D-Box: Making Movies Really Move
This fall, when Focus Features rolls out the animated movie 9, the much anticipated first feature from Academy Award-nominated writer-director Shane Acker, some viewers will be lucky enough to get a little more than just the standard cinemagoing experience. The film will be shown in select theaters with special D-Box technology, which is currently getting buzz for its screenings of the new Harry Potter movie. But before we explain all about D-Box, let’s go back a little bit…
When the Lumière brothers first showed their 50-second movie L'arrivée d'un train en gare de La Ciotat (The Arrival of a Train at La Ciotat Station) in early 1896, the audience’s reaction quickly became legendary. Cinema was an entirely new and unknown phenomenon and the sight of a train seemingly coming at them from off the screen sent viewers into panic. They screamed, they ran to the back of the room.
One of the fundamental strengths of cinema is to place the viewer inside the movie, and the desire to draw the viewer in completely has become a prevailing obsession for filmmakers. The development of sound and color and then widescreen heightened the reality of the cinematic experience, but to some pioneers this was just the start. In the 1940s, surround sound arrived, a decade later movies started to appear in 3D, and subsequently IMAX changed people’s perceptions about the size and resolution of film images that were possible.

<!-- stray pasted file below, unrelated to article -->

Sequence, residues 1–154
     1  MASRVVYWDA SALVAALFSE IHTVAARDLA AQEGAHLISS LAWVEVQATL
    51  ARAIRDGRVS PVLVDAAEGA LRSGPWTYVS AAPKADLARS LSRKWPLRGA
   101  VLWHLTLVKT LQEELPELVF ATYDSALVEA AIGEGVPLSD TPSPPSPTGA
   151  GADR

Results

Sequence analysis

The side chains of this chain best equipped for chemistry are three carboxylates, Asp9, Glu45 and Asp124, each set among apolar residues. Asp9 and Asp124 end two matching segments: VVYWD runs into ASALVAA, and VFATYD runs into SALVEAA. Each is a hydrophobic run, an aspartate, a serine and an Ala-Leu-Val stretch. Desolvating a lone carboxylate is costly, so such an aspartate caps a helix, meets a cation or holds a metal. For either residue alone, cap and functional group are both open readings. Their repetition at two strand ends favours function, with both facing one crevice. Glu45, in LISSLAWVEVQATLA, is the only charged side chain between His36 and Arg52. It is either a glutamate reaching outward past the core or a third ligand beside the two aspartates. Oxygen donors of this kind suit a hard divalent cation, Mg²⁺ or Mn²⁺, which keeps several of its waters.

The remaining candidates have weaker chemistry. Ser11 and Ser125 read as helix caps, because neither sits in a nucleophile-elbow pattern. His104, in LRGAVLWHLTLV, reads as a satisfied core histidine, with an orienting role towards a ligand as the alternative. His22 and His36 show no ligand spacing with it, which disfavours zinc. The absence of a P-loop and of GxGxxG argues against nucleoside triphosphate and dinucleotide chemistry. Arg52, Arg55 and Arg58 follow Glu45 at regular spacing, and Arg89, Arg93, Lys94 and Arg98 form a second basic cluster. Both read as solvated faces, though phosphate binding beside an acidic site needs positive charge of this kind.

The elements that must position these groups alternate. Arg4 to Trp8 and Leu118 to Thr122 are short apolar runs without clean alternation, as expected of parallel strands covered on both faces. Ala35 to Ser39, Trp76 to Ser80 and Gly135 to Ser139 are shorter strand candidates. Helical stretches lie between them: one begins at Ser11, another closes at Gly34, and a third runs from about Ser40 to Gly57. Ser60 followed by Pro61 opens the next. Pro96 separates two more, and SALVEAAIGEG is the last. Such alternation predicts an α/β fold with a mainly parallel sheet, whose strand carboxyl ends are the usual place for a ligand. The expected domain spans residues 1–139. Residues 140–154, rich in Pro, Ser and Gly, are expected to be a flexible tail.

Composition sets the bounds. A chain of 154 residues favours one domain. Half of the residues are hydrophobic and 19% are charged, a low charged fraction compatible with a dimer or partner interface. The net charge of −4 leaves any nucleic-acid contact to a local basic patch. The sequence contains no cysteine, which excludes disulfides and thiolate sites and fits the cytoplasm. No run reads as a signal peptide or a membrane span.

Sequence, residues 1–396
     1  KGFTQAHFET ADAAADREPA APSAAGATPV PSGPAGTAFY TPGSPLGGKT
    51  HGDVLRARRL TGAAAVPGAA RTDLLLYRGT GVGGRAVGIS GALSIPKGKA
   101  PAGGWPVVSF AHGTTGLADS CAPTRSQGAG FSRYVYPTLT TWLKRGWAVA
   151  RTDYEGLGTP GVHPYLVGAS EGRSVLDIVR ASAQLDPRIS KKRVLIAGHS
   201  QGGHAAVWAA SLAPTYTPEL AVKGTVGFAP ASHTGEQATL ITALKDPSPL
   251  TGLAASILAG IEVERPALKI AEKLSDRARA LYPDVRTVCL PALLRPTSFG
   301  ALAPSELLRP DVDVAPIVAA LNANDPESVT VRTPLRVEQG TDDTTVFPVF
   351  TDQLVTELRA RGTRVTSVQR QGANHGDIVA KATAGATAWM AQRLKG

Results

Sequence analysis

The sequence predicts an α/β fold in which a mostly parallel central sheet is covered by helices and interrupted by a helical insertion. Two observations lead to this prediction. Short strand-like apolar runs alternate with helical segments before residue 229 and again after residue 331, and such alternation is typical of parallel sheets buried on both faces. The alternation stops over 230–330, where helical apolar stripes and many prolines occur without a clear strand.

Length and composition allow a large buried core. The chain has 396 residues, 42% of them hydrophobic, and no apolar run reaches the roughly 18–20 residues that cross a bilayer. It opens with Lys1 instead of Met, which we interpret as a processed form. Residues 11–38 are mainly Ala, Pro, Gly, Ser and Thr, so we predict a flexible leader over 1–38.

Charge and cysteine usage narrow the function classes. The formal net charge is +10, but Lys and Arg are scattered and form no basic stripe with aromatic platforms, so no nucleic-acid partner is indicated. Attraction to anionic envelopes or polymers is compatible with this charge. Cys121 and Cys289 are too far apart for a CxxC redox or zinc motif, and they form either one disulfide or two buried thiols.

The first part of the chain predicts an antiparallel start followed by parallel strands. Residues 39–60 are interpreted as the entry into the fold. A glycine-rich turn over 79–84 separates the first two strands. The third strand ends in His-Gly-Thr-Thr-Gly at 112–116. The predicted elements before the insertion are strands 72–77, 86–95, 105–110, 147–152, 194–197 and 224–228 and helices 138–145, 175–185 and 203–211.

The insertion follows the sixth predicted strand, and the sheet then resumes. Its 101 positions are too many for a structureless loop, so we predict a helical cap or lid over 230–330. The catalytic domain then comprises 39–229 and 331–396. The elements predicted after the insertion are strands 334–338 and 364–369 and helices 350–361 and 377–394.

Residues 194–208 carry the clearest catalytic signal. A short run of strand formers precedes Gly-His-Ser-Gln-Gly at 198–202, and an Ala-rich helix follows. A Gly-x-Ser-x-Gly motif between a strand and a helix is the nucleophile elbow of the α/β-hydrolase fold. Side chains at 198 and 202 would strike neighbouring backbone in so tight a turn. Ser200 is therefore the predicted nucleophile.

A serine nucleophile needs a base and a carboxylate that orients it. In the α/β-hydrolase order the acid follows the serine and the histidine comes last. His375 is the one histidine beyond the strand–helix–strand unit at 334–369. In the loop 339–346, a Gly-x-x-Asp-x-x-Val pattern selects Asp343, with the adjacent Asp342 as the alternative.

But for all these major innovations in technology, there have always been a few that stuck out for the fun they gave the viewer. Movie showman and king of the gimmicks William Castle arguably created his most memorable gimmick for the 1960 schlock extravaganza The Tingler. In the latter stages of the film, the lights went out in the movie theater and Vincent Price shouted from the screen, "The Tingler is loose in THIS theater! Scream! Scream for your lives!" Then audience members sitting in special seats with “joy buzzers” rigged up beneath felt a jolting shock.
And now, almost 50 years on from Castle’s jolting seat comes its much more sophisticated and evolved cousin, D-Box technology. D-Box is a Canadian company founded in the early 1990s that originally made speakers but has more recently devoted itself to intensifying modern entertainment in a very innovative way. After extensive research in the late 90s into the way in the finer points of hydraulic, pneumatic, magnetic and electro-mechanical motion, D-Box developed a product to heighten the viewing experience which utilized electro-mechanical technology, which they determined provided the most precise and smooth movements.
The result of their endeavors allows people watching a movie in special D-Box seats to experience the same movements as someone in the movie would. When the hero drives over a speed bump, they feel the bump; when his car screeches to a halt, they feel the sudden forward momentum. The D-Box was initially developed for home entertainment, allowing hardcore cinephiles to get special chairs or platforms hooked up to D-Box controllers which read the “motion code” off a Blu-Ray or DVD player. The chair would rock, roll, heave, tip, shudder, vibrate, etc., depending on what was taking place on the screen. The motion code, much like the soundtrack to a film, is a parallel track that replicates in perfect synchronicity the movements in the movie itself.